Sunday, February 10, 2019

Taming the Muse

Throughout the 19th and 20th centuries, artists and poets acquired their own inspirations in order to create and complete their works. Inspired work seemed to be so much more powerful and meaningful by comparison, fueled by the extraordinary icons that partially gave birth to it. For better or for worse, muses breathed new life into the art they inspired, immortalizing them and casting them as goddesses, saints, and other fantastical entities.

Among one of the most famous of these muses was the Marchesa Luisa Casati (1881-1957). In some of her paintings and portraits, she appears feral and exotic, with wild eyes and whimsical tendencies, draped in the limelight she garnered from her multitude of suitors. Though she was married to an Italian Marchese, they lived at separate residences, allowing her to throw all night soirees in Milan and Venice, those in which she hosted the Italian elite with wild cheetahs at her side and live boa constrictors draping her neck. She captivated the hearts of artists and literary figures alike, claiming she wanted to "commission her own immortality." Robert de Montequiou, Romain de Tirtoff, Jean Cocteau, Cecil Beaton, Gabriele d"Annunzio (with whom she had an affair), and Michel Georges-Michel all made her their literary muse. Artists such as Giovanni Boldini, Paolo Troubetzkoy, Adolph de Meyer, Romaine Brooks (with whom she had an affair), Kees Van Dongen, and Man Ray immortalized her on canvas, painting her image in a vast array of poses and finery.

Casati was a true muse to the many men she captivated, a turn-of-the-century tour de force of the European bourgeoisie elite. Once the Marchesa found out who she was deep down, one of her primary goals in life was to be "a living work of art." She was certainly that with her extravagant costumes and her captivation of some of the most skilled artisans Europe had to offer. There was something about the Marchesa, and on her epitaph read a quote taken from Shakespeare's Antony and Cleopatra: "Age cannot wither her, nor custom stale her infinite variety."

In a time when being a woman and being an extraordinary author didn't seem to go hand in hand, there was certainly Mary Shelley, but there was also George Sand. Sand was her nom de plume, as her actual name was Amantine Lucile Aurore Dupin. At the age of 18, she, like the Marchesa, married a man she didn't love, soon divorced him, and had a relationship with a young lawyer at the start of what she called a "romantic rebellion." She went onto a slew of relationships with nine different men, the most famous of them being with novelist Alfred de Musset.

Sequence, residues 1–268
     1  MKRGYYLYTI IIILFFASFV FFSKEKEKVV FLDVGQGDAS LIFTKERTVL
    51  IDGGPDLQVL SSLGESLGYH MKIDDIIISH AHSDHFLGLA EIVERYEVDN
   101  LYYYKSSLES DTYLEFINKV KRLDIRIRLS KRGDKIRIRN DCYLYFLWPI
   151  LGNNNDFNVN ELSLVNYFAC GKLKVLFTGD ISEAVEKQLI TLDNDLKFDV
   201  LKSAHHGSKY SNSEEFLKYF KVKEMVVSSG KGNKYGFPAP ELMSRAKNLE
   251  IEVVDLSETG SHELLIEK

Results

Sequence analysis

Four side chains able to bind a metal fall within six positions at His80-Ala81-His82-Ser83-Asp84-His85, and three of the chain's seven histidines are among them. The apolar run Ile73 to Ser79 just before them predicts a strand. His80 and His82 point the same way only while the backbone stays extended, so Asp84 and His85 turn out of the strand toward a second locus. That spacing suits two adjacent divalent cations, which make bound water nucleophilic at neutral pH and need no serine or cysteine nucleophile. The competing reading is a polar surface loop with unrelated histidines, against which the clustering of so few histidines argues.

In 1831, she and author Jules Sandeau published a collection of short stories, the two signing off on it as Jules Sand. She published her first novel, Rose et Blanc, in 1831 and wrote another in 1832 by the pen name George Sand. Fellow writer Alfred de Musset's 1836 novel The Confession of a Child of the Century was autobiographical, chronicling his relationship with Sand from 1833-1835. For the relationship to end one year and for a book about it to be published the very next means that he put its heart and soul into its completion like a man possessed. In 1837, Musset published Nuits (Nights), chronicling his intense relationship with Sand, from his early despair to final resignation. He also published a novel anonymously, Two Nights of Excess, an erotic lesbian effort in which one of the two characters is thought to be based on Sand. Musset wrote three novels based on his love for Sand in a very short amount of time. This type of enduring gesture saw to the 1999 French film, Children of the Century. Musset wrote of her, "Tell her that I love her with all my heart, that she is still the most womanly woman I have ever known." Perhaps in response, perhaps in a general statement on the many men she inspired, Sand is quoted as saying "There is only one happiness in life, to love and be loved."

Gutav Klimt is one of the most underrated painters in history in my opinion, crafting a style that had never been done before, and has never since been duplicated. He frequently used the female form in a series of erotic poses, often placing his muses into the roles of historical heroines. One of those was Austrian designer and model, Emilie Louise Floge. Sources refer to Floge as the life companion of Klimt. When the painter's brother married Floge's sister, he spent summers at the family estate, a circumstance that only brought the two closer. His most famous portrait of her was before his gold period, but experts believe that his famous work, The Kiss, portrays Klimt and Floge locked in the painting's awkward, romantic embrace.